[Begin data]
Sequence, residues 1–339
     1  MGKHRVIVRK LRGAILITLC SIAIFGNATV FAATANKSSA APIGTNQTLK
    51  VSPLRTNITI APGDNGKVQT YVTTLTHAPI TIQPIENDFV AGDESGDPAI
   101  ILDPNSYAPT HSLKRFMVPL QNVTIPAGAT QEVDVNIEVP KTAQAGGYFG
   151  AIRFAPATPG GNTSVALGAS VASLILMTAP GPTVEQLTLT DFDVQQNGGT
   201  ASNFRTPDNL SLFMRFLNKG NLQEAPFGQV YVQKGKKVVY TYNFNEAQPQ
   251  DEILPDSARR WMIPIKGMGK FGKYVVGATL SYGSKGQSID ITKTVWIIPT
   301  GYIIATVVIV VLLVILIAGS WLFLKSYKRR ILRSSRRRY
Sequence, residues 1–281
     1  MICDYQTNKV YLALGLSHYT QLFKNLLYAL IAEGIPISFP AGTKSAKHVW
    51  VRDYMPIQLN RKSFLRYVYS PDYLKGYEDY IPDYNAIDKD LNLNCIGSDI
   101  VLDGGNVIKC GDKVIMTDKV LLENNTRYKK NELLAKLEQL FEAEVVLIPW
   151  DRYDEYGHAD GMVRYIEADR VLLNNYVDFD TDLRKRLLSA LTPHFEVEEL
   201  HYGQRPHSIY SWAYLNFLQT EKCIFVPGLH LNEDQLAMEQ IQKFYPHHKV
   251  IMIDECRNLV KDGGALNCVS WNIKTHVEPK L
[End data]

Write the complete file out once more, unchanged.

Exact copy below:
Sequence, residues 1–339
     1  MGKHRVIVRK LRGAILITLC SIAIFGNATV FAATANKSSA APIGTNQTLK
    51  VSPLRTNITI APGDNGKVQT YVTTLTHAPI TIQPIENDFV AGDESGDPAI
   101  ILDPNSYAPT HSLKRFMVPL QNVTIPAGAT QEVDVNIEVP KTAQAGGYFG
   151  AIRFAPATPG GNTSVALGAS VASLILMTAP GPTVEQLTLT DFDVQQNGGT
   201  ASNFRTPDNL SLFMRFLNKG NLQEAPFGQV YVQKGKKVVY TYNFNEAQPQ
   251  DEILPDSARR WMIPIKGMGK FGKYVVGATL SYGSKGQSID ITKTVWIIPT
   301  GYIIATVVIV VLLVILIAGS WLFLKSYKRR ILRSSRRRY
Sequence, residues 1–281
     1  MICDYQTNKV YLALGLSHYT QLFKNLLYAL IAEGIPISFP AGTKSAKHVW
    51  VRDYMPIQLN RKSFLRYVYS PDYLKGYEDY IPDYNAIDKD LNLNCIGSDI
   101  VLDGGNVIKC GDKVIMTDKV LLENNTRYKK NELLAKLEQL FEAEVVLIPW
   151  DRYDEYGHAD GMVRYIEADR VLLNNYVDFD TDLRKRLLSA LTPHFEVEEL
   201  HYGQRPHSIY SWAYLNFLQT EKCIFVPGLH LNEDQLAMEQ IQKFYPHHKV
   251  IMIDECRNLV KDGGALNCVS WNIKTHVEPK L